Bacteria are single-celled organisms which may be present singly or in multiples. Their body cell has no distinct nucleus and for this reason they are prokaryotes - literally "before the nucleus". They are found in almost every Earth habitat including water, in soil, and on or in other organisms. They can also be found in extreme environments.
Bacteria come in many shapes - round, rod, comma, spiral and even square! When in multiple linked colonies they can also take up a variety of shapes. Typically these can be clusters, chains, cubic packets, squares and grape-like "bunched" clusters.
Bacteria are everywhere and you provide an ideal home for around 400 different species in your gut, 600 in your mouth and similar numbers on your skin and in other parts of your body. Don't worry, they are harmless and many are beneficial. In fact, you would die without them. They help process your food, some give you protection against certain unfriendly types of bacteria and others are even thought to be able to provide a calming effect to your body, by producing tranquilizing chemicals. The number of bacteria in your body is greater than the number of cells in your body, by a factor of ten, or maybe a hundred, according to Dr Jeffrey Gordon of Washinton University in St Louis.
Bacteria constitute one of the three domains of life shown above. Strictly speaking, they are termed eubacteria, meaning "true bacteria" to distinguish them from the domain archaea, which is also known as the archaebacteria domain, literally meaning "ancient bacteria".
Many different types of bacteria appear similar in many respects and until the advent of DNA/RNA sequencing were thought to be closely related, if not the same organism. Since the use of the technique in identifying bacteria, however, it has been estimated that there could be as many as a billion different bacterial species on Earth. To date only some thousands have been identified as specific species.
All bacteria are considered dangerous by most of the public, but this is far from true. Many bacteria are wholly beneficial to us, while others are benign - they do nothing that either helps or harms us. Only relatively few bacteria have been identified as dangerous or detrimental to our health.
In the right conditions - a favorable temperature and sufficient nutrients, for instance - bacteria can reproduce as often as every twenty minutes. This is not a simple serial process of one replacing another, but an exponential one, where there is a population explosion of bacteria. This multiplication process can produce something the size of a sugar cube within a day or so. If allowed to continue, this exponential growth would result in a ball of microbes the size of the Earth within something like a week! In practice the attrition (death and destruction) rate of the microbes and the limit imposed by the availability of nutrients, stops the microbial population getting out of hand. This is why the world is not completely overrun with microbes, though some estimates suggest there may be as many as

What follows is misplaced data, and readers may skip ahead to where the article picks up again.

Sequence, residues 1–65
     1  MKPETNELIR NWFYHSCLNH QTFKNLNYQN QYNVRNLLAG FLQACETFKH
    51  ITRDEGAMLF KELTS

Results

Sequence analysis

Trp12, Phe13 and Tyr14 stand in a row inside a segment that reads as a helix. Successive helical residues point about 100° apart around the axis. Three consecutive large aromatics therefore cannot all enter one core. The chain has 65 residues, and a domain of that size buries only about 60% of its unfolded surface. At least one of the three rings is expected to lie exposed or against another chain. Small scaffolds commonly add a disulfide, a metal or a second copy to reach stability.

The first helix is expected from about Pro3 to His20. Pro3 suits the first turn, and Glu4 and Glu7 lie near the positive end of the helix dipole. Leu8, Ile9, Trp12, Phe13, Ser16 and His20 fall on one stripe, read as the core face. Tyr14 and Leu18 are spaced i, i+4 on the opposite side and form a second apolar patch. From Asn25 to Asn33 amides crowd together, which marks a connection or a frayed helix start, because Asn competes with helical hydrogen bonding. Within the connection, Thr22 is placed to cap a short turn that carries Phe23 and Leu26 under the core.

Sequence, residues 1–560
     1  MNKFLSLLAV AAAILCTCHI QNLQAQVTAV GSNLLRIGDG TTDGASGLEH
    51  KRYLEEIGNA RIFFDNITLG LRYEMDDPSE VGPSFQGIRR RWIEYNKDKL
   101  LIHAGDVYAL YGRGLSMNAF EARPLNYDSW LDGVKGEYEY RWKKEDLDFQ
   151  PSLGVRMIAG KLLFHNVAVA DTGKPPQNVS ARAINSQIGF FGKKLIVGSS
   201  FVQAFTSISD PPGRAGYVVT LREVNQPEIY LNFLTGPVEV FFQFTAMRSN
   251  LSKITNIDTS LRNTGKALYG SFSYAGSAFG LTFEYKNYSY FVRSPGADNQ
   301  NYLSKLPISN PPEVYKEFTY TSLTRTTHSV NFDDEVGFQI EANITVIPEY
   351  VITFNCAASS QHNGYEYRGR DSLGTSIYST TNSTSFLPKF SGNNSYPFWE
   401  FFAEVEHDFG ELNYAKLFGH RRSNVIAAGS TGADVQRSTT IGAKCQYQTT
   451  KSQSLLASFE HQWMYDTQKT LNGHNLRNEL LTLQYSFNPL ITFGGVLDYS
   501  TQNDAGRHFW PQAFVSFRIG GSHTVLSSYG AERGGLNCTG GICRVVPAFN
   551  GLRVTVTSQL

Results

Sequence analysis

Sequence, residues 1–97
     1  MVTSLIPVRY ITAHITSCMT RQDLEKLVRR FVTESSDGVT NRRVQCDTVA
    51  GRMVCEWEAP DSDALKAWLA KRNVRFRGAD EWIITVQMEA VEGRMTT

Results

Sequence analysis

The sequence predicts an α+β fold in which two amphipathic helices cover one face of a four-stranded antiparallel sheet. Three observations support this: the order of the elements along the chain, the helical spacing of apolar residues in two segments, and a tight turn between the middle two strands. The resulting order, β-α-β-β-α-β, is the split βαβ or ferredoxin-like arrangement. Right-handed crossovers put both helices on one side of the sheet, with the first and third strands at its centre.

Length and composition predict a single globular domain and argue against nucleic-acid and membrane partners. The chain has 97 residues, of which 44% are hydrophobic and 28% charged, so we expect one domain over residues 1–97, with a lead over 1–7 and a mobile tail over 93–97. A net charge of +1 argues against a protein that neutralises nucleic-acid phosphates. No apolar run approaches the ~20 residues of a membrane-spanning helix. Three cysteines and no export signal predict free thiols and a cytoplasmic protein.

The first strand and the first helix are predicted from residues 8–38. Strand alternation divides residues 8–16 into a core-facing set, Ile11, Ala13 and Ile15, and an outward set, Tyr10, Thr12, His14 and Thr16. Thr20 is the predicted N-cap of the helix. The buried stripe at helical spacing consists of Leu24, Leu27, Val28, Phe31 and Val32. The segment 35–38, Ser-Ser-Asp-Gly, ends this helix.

bacteria on Earth.
Another consequence of the rapid reproduction rate is an impressive rate of evolution. While the generation cycle for people is around 20 years, that for bacteria at every 20 minutes is over 1/2 million times as fast. This is why new bacterial diseases apparently appear on a regular basis and why strains of common bacteria, which we could easily destroy only a few years ago, can become resistant to antibiotic treatments.But that is not the whole reason for their ability to adapt. Bacteria can reproduce rapidly both by simple cell-division and by the exchange of genes between two bacteria in cell to cell contact. Although not strictly sexual reproduction, it is similar in that two individual are involved in providing genetic material from two different ancestories. This latter type of reproduction is another factor that enables them to achieve remarkable rates of evolution. Some bacteria reproduce as spores, which are highly resilient to unfavorable environments. Spores have a tough outer coat which is both mechanically strong and chemically resistant. About half of all bacteria can move by themselves, the remainder are at the mercy of the medium - eg air or water - they are in. Those that move do so in one of four ways.Most bacteria that move can only wander randomly though the media they occupy (eg water), by twitching.Others can control their bouyancy. Some of these have tiny gas-bags (vacuoles) which can inflate to let the bacterium sink or float.Other species have flagella, which beat like whips to drive the bacterium along. Flagella may be arrayed around the cell of the bacteria and these can move in unison, so send the bacteria in a particular direction.Other, called spirochetes, can move in a corkscrew-like motion associated with their shape. They have spiral flagella wrapped around themselves and this modifies their shape so they can adopt the twisting motion.Many members of the latter three groups can move in a particular direction, according to stimuli they receive. This movement is called taxis.
have an uncanny resemblance to the fossilized structures that have been
found in Martian meteorites. Note
also the remarkable similarity between the nanobacteria shown at the University
of Queensland's web site and the images of supposed fossil bacteria that
have been found in the Murchison
meteorite, which came not from Mars but from deep
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